VPR Classical

VPR Classical is Vermont's statewide classical music station. We bring you the broad world of classical music with a strong local connection: local hosts throughout the week, live performances, news about events in your community, and more.

VPR Classical hosts, clockwise from the top left: Kari Anderson, Walter Parker, James Stewart, Linda Radtke and Peter Fox Smith.

Listen To VPR Classical
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VPR Classical Hosts
Walter Parker | Peter Fox Smith | Linda Radtke | Kari Anderson | James Stewart | All Programs

Playlists
Browse by day with the Playlist Calendar or by Program

Featured Programs
Boston Symphony Orchestra | BSO At Tanglewood | Chamber Music Society Of Lincoln Center | Chicago Symphony Orchestra | Exploring Music | From The Top | 'Messiah' Watch 2016 | Metropolitan Opera | The Met Live In HD | New York Philharmonic | Performance Today | Saturday Matinee | SymphonyCast | VSO On VPR Classical

VPR Classical Features
Live Performances | Musical Conversations | Student Composer Showcase | The Beethoven Project | Classical Music Timeline Podcast & Web Application

NPR Classical
Deceptive Cadence Blog | Classics In Concert | All NPR Classical

More
VPR Music's Holiday Playlist | Playlist Archive | Events & Regional Links | The Met Live In HD

Christian Steiner

Vermont Symphony Orchestra

Anthony Princiotti, conductor
Albert Brouwer, flute
C.P.E. Bach: Flute Concerto in D minor

Raymond Leppard, conductor
Jaime Laredo, violin; Sharon Robinson, cello
Brahms: Double Concerto for Violin and Cello

Listen Wednesday February 10 at 8 p.m.

We hear selections from three operas that had their premieres during the first week of February: Charpentier's Louise, Rossini's Semiramide, and Verdi's Otello.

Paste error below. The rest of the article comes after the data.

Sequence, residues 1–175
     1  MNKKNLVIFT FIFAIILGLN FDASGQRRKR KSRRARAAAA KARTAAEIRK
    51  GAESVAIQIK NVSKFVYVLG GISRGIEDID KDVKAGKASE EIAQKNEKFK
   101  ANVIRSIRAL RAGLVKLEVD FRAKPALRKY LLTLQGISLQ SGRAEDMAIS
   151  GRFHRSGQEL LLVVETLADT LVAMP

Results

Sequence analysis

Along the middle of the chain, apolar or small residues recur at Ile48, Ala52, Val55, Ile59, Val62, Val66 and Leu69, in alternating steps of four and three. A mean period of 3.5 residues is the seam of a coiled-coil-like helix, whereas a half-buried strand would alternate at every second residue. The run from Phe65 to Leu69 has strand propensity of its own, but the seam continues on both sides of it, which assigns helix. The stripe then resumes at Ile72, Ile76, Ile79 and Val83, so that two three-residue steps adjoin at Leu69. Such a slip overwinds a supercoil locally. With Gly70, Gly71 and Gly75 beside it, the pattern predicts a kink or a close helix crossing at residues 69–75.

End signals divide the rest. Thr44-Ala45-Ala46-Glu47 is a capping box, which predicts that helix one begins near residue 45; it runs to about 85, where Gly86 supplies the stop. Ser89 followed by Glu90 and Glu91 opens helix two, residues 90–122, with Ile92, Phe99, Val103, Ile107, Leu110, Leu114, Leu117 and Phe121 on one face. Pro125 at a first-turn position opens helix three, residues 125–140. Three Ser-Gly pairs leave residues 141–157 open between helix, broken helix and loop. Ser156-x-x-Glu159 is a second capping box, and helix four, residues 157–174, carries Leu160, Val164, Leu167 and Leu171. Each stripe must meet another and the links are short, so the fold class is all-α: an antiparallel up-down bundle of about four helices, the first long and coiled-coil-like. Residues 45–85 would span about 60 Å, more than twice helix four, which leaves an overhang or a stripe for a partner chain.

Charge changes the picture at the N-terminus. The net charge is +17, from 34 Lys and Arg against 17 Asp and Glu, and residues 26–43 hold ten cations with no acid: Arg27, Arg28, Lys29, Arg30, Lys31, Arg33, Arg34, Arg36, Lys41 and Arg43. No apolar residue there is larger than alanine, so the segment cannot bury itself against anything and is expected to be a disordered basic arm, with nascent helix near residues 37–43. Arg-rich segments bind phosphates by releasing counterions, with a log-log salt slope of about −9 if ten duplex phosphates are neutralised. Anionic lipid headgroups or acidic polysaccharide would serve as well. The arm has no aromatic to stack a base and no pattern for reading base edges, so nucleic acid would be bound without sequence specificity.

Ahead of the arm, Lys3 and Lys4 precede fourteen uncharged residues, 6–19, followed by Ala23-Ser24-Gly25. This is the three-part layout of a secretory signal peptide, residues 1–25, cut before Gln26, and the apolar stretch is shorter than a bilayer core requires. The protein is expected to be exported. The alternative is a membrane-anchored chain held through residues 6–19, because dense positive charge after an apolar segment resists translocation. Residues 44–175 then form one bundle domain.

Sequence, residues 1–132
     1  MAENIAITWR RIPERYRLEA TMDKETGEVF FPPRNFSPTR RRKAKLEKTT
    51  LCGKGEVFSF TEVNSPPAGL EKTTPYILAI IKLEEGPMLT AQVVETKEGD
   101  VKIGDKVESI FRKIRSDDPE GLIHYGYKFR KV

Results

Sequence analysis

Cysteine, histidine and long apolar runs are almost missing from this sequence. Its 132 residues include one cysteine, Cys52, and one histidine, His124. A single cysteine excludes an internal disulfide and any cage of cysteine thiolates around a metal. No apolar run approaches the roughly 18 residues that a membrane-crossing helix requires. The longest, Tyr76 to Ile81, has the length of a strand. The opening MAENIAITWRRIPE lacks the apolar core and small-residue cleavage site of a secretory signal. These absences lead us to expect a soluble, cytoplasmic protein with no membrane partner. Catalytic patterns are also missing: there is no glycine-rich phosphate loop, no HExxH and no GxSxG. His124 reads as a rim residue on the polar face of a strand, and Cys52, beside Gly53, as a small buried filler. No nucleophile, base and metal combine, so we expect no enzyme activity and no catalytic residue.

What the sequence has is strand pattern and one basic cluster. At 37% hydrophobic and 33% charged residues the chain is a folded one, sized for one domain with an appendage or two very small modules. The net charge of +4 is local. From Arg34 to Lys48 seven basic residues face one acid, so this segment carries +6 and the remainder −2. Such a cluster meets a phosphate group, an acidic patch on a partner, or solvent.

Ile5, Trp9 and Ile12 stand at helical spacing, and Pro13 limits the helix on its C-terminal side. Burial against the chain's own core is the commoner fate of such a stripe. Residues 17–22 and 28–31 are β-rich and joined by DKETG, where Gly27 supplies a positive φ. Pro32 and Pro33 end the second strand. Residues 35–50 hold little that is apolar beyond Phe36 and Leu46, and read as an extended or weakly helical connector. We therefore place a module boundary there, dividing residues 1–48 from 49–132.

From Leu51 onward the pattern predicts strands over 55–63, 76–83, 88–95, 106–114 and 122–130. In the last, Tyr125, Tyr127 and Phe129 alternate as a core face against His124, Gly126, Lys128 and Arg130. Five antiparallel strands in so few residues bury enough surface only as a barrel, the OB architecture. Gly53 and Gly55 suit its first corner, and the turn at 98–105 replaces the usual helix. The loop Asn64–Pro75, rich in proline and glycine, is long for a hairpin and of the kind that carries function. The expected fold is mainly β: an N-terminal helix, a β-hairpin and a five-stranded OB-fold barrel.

Listen Saturday, February 4 at 12 noon.

Tina Gutierrez / www.jenniferjolley.com

Vermont Symphony Orchestra
Jaime Laredo, conductor

Sibelius: Suite Mignonne
Jennifer Jolley: The Ferry Crossing  (world premier commission)
Dvorak: Symphony No. 7 in D minor, Op. 70

Listen Wednesday February 1 at 8 p.m.
 

U.S. Public Domain

Ralph Vaughan Williams spent 60 years in the public eye as a composer, conductor, professor and writer. His work set off a renaissance of English music in the 20th century.

Lisa-Marie Mazzucco / www.simonedinnerstein.com

An encore broadcast of pianist Simone Dinnerstein's recent live performance on VPR Classical of Etudes by Philip Glass and Impromptus of Franz Schubert, the first live broadcast from VPR's new Studio One and the inauguration of VPR's new Steinway D concert grand piano.

Listen Tuesday January 31 at 6 p.m.

Mozart

Jan 24, 2017

We honor Mozart's January 27th Birthday with a program of excerpts from some of his early operas - plus a remembrance of American coloratura soprano Roberta Peters, who died recently.

Vermont Symphony Orchestra

Vermont Symphony Orchestra
Jaime Laredo, conductor

Dvorak: The Noon Witch
Prokofiev: Symphony No. 5, Op. 100

Listen Wednesday January 25 at 8 p.m.

U.S. Public Domain

Russian composer, Dmitri Shostakovich saw himself a Soviet man first and a composer second. He felt that it was his duty to compose music for his countrymen that reflected the heart of the Soviet ideal. He left behind 15 symphonies and 15 string quartets that stand as some of the most influential works of the 20th century.

Simone Dinnerstein
Lisa-Marie Mazzucco